The paper examines domestic violence victims and provides a modern, multifaceted explanation of why it happens. The concerns for women as victims, men as offenders, and the environment that sustains them are the key topics of discussion. In order to help therapists retain their observations of such violence within a wider perspective, references to specific publications from the body of research on violence in same-sex relationships are also provided. This papers provide information on understanding of the major concerns in domestic violence. Additionally, domestic violence is acknowledged and heightened awareness of it in relation to other presenting issues is urged for therapists dealing with couples.
This essay investigates how teenage boys respond to and perceive sex education taught in schools. It describes prominent patterns of response and suggests explanations for boys’ frequent rejection and disruption of courses using data and conclusions from a variety of studies. Hierarchies of masculine sexual power and position as well as the relationship between physical size and social capital are discussed. It is shown through evidence that arrogance and disruption are responses to sex education that ignores the requirements of boys. All in all, people must design learning situations where they can, if only briefly, set aside the need to act rigidly sex-stereotypically.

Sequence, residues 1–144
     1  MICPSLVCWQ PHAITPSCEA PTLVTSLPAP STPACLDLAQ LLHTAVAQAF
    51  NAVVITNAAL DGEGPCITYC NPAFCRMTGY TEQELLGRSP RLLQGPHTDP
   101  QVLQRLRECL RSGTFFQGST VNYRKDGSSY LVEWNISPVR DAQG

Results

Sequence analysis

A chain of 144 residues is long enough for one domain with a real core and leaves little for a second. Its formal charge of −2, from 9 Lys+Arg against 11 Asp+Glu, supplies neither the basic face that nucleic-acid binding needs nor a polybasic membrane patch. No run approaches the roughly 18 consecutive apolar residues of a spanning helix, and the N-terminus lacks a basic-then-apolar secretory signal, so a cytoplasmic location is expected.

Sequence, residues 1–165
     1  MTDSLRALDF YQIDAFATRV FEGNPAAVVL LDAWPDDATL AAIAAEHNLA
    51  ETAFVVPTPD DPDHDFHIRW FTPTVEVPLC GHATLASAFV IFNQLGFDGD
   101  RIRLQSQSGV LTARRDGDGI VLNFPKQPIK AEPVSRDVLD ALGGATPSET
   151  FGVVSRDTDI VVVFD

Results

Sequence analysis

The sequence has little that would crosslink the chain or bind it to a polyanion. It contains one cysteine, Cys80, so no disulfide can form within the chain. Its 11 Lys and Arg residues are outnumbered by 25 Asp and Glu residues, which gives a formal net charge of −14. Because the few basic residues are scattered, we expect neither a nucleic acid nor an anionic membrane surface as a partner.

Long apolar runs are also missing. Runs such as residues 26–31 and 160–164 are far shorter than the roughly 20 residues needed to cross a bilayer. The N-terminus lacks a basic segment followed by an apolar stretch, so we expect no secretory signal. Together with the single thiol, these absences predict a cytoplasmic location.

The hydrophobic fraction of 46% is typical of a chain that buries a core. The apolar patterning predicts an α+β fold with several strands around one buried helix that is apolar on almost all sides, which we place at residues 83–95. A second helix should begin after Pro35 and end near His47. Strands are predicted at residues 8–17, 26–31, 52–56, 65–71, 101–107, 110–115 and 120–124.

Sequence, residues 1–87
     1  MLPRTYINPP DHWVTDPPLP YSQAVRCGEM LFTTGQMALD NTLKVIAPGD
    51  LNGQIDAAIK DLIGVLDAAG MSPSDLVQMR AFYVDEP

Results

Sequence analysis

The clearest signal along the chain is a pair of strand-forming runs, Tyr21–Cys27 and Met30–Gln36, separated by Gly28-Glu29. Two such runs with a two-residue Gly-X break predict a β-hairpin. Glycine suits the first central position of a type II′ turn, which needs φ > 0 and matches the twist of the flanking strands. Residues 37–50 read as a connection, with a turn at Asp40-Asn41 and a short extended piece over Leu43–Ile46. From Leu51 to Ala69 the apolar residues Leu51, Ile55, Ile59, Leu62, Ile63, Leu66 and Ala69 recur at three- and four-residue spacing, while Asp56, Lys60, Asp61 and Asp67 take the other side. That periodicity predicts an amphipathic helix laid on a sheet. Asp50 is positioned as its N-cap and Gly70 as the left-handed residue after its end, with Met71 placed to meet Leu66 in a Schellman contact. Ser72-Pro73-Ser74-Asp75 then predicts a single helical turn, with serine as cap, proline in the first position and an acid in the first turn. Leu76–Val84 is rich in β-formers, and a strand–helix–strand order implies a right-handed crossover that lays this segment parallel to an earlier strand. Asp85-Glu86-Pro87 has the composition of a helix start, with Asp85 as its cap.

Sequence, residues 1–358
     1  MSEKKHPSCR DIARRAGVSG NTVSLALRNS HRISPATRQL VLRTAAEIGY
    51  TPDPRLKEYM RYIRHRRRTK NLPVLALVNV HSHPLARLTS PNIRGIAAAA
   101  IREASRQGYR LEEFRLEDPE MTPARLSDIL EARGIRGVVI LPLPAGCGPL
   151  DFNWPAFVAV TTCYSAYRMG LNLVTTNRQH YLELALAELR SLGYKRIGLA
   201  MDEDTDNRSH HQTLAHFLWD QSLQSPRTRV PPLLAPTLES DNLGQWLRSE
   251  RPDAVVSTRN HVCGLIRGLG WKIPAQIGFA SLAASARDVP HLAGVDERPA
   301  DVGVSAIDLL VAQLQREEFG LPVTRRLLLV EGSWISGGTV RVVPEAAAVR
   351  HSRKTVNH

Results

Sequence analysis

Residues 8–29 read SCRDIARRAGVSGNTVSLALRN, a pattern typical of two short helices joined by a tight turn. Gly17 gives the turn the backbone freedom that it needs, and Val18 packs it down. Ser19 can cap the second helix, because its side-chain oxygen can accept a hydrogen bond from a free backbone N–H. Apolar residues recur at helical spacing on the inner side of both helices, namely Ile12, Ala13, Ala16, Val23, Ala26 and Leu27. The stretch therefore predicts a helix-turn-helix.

This paper discussed sexual addiction as a complex topic that frequently prompts much negative judgement due to its recurrent patterns of betrayal, illumination of previously concealed sexual activities, exposure of unknowing partners to disease risk, and partner threat. Additionally, frequent sexual stimulation was reported to persist despite grave negative consequences in sexual addiction, which is a chronic, relapsing condition. Arguments were also made about sexual addiction as a type of impulse control disease, where it was viewed from the impulsive perspective as risk-takers who pursue pleasure without considering the effects on themselves and others. In this essay, a few further points were raised, such as the notions of relationship disorder and sexual addiction as subtypes of compulsive behavior.
The family is frequently ignored when treating compulsive and sexual addiction. This led to this study that was inspired by a quick survey that was completed by 91 women and three men who felt they had suffered major negative effects as a result of another person’s involvement in cybersex. This reveals more that this condition affects the family as a whole as well as the recognized patient, spouse, or partner. Couples in this article who separated or divorced reported that cybersex addiction was a significant contributing factor. Partners reported that they thought that having affairs online was just as emotionally unpleasant as having affairs in person or offline.
One of the most heinous acts a health worker could commit is having sexual contact with a patient or client. Discipline is meted out when this occur, however it varies depending on the particulars of each incidence of exploitation, such as license revocation, fines, and suspension. On the other hand, when it is essential, rehabilitation is also provided and may involve counselling, restricted practice, clinical supervision, and few others.